Second-year history student Steven Bensdorp (19) sits in a chair reading in the University Library while he waits for me. As we walk to Kralingse Zoom to take the underground to Alexander station, he tells me about why he chose to study history. “A lot of people assume that you can only become a history teacher with a degree in history. The same way they always assume you’re living in student housing.”

In reality, he’s perfectly willing to teach for a few years once he has completed his studies, so during his minor he plans to obtain his teaching qualification. “Everyone’s had a teacher who made a difference in their life and I would like to be that person for a student.” But this isn’t his ultimate goal. “I don’t think a career in teaching alone would be satisfying enough. I have too much ambition for that.”

Switched from D66 to Forum voor Democratie

Another part of his ‘life blueprint’ – ‘Living aimlessly would be too stressful’ – is to write a book of poetry or a collection of poems and spend some time living and working abroad. You can only really get to know a country by living and working there for a time. I feel that would be a valuable experience.” His interest in people is also apparent in his desire to be politically active, something he aspired to since he was eleven. “When I was still a member of D66, I handed out flyers at the market. You strike up conversations with all kinds of people that you normally wouldn’t speak to. That’s something I enjoy.”

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These days, he has turned his back on D66 and joined up with the Forum voor Democratie. He frequently bursts into passionate arguments on legalising hard drugs, the referendum and trade interests with Russia. Bensdorp confirms that he has a propensity for delivering speeches. “I always have something to say during tutorials. Actually, that’s true in any situation, it’s a Bensdorp trait. Both my grandmother and my father have it as well. My girlfriend is a bit more reserved and when things get quiet she always jokes, ‘let’s hear from you for once.’”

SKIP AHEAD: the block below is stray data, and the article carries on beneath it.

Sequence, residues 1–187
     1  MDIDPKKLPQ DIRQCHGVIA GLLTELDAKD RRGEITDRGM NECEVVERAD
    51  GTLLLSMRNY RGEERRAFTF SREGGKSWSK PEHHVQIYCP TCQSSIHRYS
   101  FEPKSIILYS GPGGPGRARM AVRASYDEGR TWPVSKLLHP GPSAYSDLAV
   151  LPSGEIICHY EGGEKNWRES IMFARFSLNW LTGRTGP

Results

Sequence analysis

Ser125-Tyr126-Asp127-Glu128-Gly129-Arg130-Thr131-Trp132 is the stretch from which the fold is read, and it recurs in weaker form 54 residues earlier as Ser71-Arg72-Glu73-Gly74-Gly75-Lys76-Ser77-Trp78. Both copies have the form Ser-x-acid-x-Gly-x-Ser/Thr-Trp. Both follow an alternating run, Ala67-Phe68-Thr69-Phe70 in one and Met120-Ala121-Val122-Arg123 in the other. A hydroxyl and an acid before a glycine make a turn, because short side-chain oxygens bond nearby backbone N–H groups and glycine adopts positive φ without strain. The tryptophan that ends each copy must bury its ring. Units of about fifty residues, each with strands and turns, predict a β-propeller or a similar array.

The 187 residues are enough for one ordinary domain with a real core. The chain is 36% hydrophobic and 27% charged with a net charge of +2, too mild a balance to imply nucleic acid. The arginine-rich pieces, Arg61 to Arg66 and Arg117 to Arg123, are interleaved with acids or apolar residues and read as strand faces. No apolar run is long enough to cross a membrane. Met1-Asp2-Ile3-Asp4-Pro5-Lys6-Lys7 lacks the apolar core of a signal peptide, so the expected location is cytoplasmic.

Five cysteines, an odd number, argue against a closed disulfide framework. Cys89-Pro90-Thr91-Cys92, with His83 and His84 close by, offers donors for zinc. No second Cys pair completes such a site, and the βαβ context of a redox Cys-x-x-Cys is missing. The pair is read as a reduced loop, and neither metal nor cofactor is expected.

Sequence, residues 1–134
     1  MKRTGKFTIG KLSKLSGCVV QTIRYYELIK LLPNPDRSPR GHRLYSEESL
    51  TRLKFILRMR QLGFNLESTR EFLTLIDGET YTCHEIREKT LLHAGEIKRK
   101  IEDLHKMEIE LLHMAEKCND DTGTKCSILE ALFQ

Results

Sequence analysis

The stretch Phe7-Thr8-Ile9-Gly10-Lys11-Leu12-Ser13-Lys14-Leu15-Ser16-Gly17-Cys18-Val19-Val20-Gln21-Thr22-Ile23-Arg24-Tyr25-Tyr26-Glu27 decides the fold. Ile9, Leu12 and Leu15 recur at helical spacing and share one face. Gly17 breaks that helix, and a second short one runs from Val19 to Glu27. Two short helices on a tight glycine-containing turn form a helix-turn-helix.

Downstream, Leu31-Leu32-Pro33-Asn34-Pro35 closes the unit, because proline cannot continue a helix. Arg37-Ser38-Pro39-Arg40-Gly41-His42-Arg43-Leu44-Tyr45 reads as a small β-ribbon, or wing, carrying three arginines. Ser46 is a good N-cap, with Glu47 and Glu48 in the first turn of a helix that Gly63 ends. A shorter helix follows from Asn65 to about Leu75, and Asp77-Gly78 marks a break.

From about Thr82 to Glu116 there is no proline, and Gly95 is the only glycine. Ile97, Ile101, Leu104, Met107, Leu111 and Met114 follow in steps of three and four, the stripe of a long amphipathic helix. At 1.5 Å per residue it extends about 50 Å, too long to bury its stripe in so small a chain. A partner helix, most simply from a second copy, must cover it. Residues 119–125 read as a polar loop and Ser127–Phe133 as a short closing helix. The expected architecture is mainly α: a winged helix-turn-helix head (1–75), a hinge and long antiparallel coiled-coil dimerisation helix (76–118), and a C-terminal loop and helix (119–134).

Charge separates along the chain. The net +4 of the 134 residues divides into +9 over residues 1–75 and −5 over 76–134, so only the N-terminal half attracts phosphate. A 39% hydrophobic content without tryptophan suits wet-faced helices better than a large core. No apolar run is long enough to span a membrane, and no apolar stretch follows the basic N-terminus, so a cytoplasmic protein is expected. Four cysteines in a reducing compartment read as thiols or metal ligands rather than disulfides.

Good impression

She is actually the biggest reason that he’s still living at home. “I don’t want a weekend relationship. She also lives in Zeist and we met each other when we were both leaving the local cafe De Schavuit. I cycled alongside her and tried to make a good impression and when she spoke about it later, she said I had all the subtlety of a hand grenade.”

Aside from his relationship, Steven isn’t looking forward to living in student housing anyway. “I like convenience and comfort, so in reality I would end up paying just to give up a lot of luxuries. I already went through my adolescent phase between the age of fourteen and sixteen, so now there isn’t a push factor to leave home.”

At the Zeist city limits, we exit the bus. By way of parting, we’ve had a lively discussion about whether Thierry Baudet is a fascist or not. Steven is still chattering away as he gets on his bike and cycles in the direction of his parental home.

Are you also living at home outside of Rotterdam? Then I’d like to join you! Email me at post@taralewis.nl

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